His mother, Ilo Browne Wallace, encouraged his early interest in plants by teaching him to breed pansies, and when he was 15 he challenged the widely held belief that large, uniform ears made the best seed corn by growing out 33 ears of Reid yellow dent on 5 acres behind the family home, doing all the work himself, from planting and cultivating to harvesting and shelling. He showed that yields ranged from 33 to 79 bushels per acre, and that the prettiest ears by no means produced the highest yields.

To contemporaries, Henry A. Wallace was a bewildering combination of intellectual, hayseed, man-of-action, and ascetic.

The motto of Wallaces' Farmer, launched in 1895, was "Good farming, clear thinking, right living," and it could have been the family's motto as well. The first Henry Wallace (1836-1916), Henry A.'s grandfather, was a Presbyterian minister who moved to western Iowa for health reasons in 1877, bought land, and discovered a second career as a writer, editor, and publisher. Henry A.'s father, Henry C. Wallace (1866-1924), farmed, edited the family magazine in his turn, and later became U.S. Secretary of Agriculture under Warren G. Harding.

Wallaces' Farmer offered news and research, opinions and analysis, information and entertainment, exhortation and encouragement to its Midwestern readers. Like most farm periodicals, it always had a generous letters section, fielding queries on everything under the sun and inviting readers to share tips and insights with one another. At its height in the 1920s, Wallaces' Farmer reached 250,000 paying subscribers. (It suffered greatly in the Depression and was taken over by a rival publisher in 1932, but retained the name and is still in print.)

As editors, the Wallaces never hesitated to offer political analysis and policy recommendations; indeed, to a large extent they helped define the 'Farm Bloc' as a political constituency. (Henry C. Wallace helped found the American Farm Bureau in 1920; less than a year later it was the largest farm organization in the United States, with more than a million members.) In the prosperous farming years before and during World War I, the three Henry Wallaces repeatedly predicted the coming post-war farm crisis, urging farmers to pay off their debts, make necessary improvements and prepare for the worst. When the hard times came in the 1920s—while other sectors were booming, farmers' buying power dropped precipitously as commodity prices crashed and prices of other goods rose—they harangued Washington to address the farmers' plight. At the same time, they tried to convince farmers to plant less corn and more clover in order to protect their soil and stop exacerbating commodity surpluses.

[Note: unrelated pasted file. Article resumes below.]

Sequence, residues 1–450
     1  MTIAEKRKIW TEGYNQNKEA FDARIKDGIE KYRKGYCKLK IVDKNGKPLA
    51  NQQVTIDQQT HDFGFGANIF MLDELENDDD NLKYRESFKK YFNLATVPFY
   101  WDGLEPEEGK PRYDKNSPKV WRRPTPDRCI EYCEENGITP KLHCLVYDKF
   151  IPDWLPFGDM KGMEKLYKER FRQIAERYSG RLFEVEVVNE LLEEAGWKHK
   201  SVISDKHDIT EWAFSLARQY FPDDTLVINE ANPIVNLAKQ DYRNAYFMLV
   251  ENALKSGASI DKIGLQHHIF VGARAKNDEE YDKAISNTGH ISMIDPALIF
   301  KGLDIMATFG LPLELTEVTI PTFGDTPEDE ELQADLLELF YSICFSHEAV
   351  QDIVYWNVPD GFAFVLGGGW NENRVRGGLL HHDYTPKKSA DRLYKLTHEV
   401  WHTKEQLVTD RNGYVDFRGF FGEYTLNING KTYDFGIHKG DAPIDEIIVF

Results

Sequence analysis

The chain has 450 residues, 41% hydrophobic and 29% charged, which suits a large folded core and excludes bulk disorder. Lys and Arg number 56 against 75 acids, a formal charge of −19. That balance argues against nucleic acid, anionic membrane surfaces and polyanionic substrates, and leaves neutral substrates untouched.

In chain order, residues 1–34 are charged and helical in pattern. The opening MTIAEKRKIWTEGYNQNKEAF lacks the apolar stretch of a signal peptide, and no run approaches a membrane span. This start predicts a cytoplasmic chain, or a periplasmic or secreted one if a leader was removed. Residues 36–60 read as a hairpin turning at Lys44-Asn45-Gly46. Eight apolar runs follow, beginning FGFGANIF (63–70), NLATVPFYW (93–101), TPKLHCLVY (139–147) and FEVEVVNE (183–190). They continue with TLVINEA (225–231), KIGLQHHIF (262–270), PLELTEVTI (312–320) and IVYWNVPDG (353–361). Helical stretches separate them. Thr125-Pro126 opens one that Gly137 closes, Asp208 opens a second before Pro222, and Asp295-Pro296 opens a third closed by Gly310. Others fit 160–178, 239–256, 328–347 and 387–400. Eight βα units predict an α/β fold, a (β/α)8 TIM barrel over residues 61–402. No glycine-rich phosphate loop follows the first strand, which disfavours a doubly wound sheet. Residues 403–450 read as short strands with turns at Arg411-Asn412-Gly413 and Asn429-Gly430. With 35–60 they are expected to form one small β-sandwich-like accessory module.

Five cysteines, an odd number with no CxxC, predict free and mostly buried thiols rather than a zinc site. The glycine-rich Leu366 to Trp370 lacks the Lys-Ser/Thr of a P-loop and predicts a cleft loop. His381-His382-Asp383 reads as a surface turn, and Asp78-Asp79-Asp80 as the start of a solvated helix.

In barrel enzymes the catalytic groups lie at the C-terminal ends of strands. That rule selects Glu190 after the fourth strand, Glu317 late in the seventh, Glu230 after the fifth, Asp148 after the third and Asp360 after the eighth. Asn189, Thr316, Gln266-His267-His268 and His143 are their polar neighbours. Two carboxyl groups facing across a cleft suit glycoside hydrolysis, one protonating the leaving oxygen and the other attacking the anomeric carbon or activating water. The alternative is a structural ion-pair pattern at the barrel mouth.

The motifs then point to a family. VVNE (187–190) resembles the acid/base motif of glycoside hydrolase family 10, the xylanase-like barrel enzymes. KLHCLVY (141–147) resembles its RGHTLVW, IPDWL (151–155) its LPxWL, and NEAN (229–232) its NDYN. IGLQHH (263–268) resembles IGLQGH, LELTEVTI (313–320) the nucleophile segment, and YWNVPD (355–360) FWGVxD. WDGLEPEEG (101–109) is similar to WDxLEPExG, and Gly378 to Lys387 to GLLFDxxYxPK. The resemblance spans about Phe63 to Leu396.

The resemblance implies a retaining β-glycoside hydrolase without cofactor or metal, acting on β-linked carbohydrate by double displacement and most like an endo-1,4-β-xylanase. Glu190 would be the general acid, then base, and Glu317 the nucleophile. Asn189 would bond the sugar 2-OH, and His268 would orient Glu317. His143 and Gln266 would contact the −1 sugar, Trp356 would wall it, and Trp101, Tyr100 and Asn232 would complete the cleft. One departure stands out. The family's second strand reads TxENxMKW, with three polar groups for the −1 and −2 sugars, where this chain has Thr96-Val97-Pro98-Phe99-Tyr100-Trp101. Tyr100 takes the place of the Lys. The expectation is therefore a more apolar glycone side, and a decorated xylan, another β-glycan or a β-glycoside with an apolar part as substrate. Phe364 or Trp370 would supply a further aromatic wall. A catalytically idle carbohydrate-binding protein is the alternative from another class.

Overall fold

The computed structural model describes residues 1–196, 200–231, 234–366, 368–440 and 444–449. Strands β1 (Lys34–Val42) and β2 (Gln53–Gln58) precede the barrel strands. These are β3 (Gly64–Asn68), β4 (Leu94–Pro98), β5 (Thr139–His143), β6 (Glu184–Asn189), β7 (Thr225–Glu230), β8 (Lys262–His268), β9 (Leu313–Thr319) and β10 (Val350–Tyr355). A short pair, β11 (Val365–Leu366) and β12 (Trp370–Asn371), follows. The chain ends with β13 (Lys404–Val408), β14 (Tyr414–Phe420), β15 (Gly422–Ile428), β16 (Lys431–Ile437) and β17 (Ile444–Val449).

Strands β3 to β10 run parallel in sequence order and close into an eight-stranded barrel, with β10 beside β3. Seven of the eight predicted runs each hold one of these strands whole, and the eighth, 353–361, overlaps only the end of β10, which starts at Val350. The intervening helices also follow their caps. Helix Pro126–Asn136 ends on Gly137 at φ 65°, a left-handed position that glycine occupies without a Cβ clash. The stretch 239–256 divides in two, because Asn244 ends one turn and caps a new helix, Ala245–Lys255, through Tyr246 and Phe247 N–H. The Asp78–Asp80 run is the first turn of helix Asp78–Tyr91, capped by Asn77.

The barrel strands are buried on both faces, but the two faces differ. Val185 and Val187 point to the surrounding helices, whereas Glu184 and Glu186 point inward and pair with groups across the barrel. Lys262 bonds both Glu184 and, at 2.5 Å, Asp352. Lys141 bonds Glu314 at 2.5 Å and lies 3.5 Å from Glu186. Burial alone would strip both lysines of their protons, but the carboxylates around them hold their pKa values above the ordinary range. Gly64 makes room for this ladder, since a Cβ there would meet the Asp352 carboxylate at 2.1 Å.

Henry A. Wallace hashed out many of the ideas he would later implement as secretary of agriculture in the pages of Wallaces' Farmer, including his concept of the 'ever-normal granary'—a policy whereby the government would step in to buy commodity surpluses in times of plenty and disburse them in times of scarcity, thus dampening price fluctuations. As a young man his heroes included the conservationist Gifford Pinchot and the horticulturist and agricultural reformer Liberty Hyde Bailey. His senior thesis at Iowa State, titled "Relation between Live Stock Farming and the Fertility of the Soil," argued that soil conservation was both an individual responsibility and a national imperative.

An autodidact and a polymath, Wallace studied economics, meteorology, history, genetics, and many other subjects. His first book, Agricultural Prices (1920), analyzed the cyclical relationship between hog and corn prices and considered ways in which farmers could be given a degree of protection from the laws of supply and demand that put them increasingly at a disadvantage with respect to industrial producers. His second book, Corn and Corn Growing (written with Earl N. Bressman), was a practical manual for farmers. Next he co-authored a book on statistics, Correlation and Machine Calculation, which became a standard reference volume in the field.